Right in Saint-Cyr, is the four-star, 133-room Dolce Frégate (+33 (0)4 94 29 39; Rooms: 147 — 560EUR), a hotel with every contemporary comfort and convenience, as well as among the top ranked golf courses within France. Its facilities also include an indoor heated pool, 3 tennis courts and a spa.
Just 15 minutes aside, at the foot of the medieval hill-side hamlet of la Cadière d’Azur, Alain Pascal, the new star amongst Bandol vintners, named his site, Le Gros’Noré, in memory of his father, a corpulent guy called Honoré, or ‘Noré, to get short. Alain, a former boxer, is really a man who does not mince his words or compromise — especially on the quality of his wines. Since 1997 he has been making an outstanding red and a superb Mourvèdre-dominated rosé.
At the top of the village, L’Hostellerie Bérard (+33 (0)4 94 ninety 11 43; Rooms: 80 — 259EUR; Menus from 44EUR) is definitely an inviting stop for a meal or for the night. Both an inviting 40-room inn housed in an 11th C convent and a fine local restaurant, it has a superb view from the luminous dining room. Chef René Bérard shares his palpable love plus knowledge of Provençal food in the 4-day cooking courses he runs each month except January and August.
Côtes de Provence: The Biggest AOC of Provence (1977)
With a sprawling 45, 000 acres of vines dispersed from Aix-en-Provence to Nice, this particular appellation offers wines of every colour and style. Rosés make up 75% of the production, reds account for twenty percent and whites for just 5%.
The particular quickest way to get an overview of the immense quantity of vineyards is to visit the area’s Maison des Vins – the Vinotheque — within the medieval town of Les Arcs, on the river Argens. You are close to some spectacular scenery here, like the Pennafort gorges, where water cascades down deep-red rocks crowned by umbrella pines. At the Vinotheque you are able to sample a free selection of Côtes de Provence that changes every week and purchase, at producers’ prices, any of the 600 wines that are kept in stock.
In the idyllic countryside just outside Les Arcs, is Château Sainte-Roseline, a state-of-the-art vineyard located in the 12th century abbey. It is went to both for its consistently good reds, whites and rosés, and for the Romanesque chapel, containing an immense mosaic by Chagall and, inside a crystal reliquary, the remarkably well-preserved 14th corpse of Sainte-Roseline himself.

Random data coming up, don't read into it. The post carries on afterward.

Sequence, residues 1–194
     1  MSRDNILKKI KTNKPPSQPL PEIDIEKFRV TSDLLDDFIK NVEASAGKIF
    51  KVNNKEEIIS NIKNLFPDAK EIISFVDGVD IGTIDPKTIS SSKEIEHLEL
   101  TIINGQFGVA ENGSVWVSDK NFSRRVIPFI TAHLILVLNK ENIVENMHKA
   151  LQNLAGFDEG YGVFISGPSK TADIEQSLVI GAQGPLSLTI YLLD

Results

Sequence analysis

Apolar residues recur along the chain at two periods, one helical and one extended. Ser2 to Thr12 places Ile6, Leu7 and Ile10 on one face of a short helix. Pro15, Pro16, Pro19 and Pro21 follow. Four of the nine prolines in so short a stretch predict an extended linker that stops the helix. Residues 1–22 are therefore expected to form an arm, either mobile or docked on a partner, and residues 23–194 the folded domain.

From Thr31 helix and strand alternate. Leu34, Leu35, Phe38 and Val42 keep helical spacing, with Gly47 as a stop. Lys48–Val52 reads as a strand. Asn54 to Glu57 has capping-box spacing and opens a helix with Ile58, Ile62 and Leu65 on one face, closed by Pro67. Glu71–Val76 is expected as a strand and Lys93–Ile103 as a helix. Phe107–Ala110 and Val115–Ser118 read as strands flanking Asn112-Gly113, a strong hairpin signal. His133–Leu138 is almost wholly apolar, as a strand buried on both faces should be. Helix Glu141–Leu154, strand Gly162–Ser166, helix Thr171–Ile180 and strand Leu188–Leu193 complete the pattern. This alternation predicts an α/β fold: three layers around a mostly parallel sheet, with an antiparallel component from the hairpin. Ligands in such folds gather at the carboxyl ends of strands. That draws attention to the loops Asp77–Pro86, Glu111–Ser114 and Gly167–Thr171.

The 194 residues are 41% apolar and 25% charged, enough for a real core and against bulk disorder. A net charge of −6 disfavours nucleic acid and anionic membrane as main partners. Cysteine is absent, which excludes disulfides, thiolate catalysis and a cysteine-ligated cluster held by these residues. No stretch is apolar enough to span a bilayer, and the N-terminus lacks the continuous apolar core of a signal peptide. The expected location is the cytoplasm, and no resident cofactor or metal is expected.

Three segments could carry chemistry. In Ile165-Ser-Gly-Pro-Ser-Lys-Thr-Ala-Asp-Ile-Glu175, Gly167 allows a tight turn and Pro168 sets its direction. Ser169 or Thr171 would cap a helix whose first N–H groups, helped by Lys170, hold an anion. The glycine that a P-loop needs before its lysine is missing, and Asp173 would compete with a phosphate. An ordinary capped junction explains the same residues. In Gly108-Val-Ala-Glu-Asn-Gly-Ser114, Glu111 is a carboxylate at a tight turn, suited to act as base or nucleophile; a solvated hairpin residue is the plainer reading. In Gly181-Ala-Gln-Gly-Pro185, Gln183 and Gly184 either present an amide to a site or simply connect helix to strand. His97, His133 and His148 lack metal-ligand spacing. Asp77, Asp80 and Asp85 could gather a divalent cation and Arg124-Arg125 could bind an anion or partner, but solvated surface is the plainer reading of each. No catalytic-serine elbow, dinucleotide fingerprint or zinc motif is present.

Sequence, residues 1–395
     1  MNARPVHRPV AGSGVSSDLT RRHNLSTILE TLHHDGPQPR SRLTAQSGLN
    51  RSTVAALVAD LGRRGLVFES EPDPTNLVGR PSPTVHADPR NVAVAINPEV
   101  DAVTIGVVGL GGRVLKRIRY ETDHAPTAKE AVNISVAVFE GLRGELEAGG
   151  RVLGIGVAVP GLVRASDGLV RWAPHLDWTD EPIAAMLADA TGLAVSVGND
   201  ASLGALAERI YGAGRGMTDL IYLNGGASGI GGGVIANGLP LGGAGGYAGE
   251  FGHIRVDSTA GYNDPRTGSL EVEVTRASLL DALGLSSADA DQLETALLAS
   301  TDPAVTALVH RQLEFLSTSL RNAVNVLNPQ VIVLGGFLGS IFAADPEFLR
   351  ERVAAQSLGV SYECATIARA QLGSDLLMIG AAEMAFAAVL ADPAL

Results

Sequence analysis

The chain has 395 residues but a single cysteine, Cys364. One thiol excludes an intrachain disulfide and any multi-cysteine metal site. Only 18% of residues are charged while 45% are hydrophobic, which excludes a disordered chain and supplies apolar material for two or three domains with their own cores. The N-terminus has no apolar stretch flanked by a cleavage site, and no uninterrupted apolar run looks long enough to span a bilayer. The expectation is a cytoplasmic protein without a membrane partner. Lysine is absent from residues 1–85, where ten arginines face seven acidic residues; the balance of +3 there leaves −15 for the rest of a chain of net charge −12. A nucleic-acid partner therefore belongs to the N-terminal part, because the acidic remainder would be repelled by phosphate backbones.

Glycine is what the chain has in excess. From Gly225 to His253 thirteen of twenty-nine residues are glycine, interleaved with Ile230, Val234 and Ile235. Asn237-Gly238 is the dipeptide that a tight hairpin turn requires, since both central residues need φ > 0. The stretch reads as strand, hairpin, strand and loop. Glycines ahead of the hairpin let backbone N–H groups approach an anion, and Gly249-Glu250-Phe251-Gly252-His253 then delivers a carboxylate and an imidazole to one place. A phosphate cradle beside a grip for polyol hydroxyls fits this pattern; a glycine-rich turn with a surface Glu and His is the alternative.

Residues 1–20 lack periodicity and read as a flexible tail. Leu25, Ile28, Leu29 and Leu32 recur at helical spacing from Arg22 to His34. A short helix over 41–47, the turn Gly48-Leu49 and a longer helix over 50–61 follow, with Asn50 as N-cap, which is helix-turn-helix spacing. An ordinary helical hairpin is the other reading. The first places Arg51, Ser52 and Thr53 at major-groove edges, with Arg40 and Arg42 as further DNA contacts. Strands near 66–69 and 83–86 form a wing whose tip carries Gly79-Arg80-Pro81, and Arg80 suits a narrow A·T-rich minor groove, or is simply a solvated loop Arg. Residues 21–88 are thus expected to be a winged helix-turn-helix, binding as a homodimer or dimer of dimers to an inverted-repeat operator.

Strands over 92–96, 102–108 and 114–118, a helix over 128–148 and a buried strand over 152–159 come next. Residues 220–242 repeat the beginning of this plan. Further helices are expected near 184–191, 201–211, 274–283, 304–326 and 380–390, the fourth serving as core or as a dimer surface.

Also in Les Arcs will be the recently built, magnificent Château Typeface du Broc, which combines two noble pursuits: winemaking and horse breeding. The château, with its stupendous Gothic-vaulted cellar, took four years of work and would be worth visiting even if you did not want to taste the wines. You would be wrong to pass them up, however. Everything on this grand estate, where peacocks strut close to self-importantly, is opulent and well-built, and the luscious, prize-winning reds, and also the full-bodied rosés, are no exception.
For dinner and the night, visit another marvel in the area: Chez Bruno (+33 (0) 4 94 85 93; Menu 56 – 110 EUR; Rooms: 84 — 130EUR), the truffle king of Lorgues. A genial, generous giant, Bruno will greet you in person, with the warmth of a long-time friend. He furthermore beams down as Jesus, from the humoristic mural of the Last Dinner painted on the walls of his restaurant! Do not take offence, yet do take second helpings! The particular truffle menus are a gastronomic experience not to be missed, and 4 rooms await those who wish to digest them in peace.
Opposite the deep-red cliffs of the Pennafort gorges, floodlit at night, the idyllic, Michelin-starred Hostellerie Les Gorges de Pennafort +33 (0)4 94 76 sixty six 51; Menus: 49 — 110EUR; Rooms: 185 — 220EUR) is a destination no self-respecting gourmet ought to pass by. Its ebullient owner plus chef, Philippe Da Silva, dishes up such delicacies as a divine foie gras ravioli with Parmesan, and he always adds little extras, leaving you groaning with pleasure at the end of the meal. His wife Martine watches over the elegant, 16-room hotel, making sure that everything is of the same high standard as her husband’s cooking.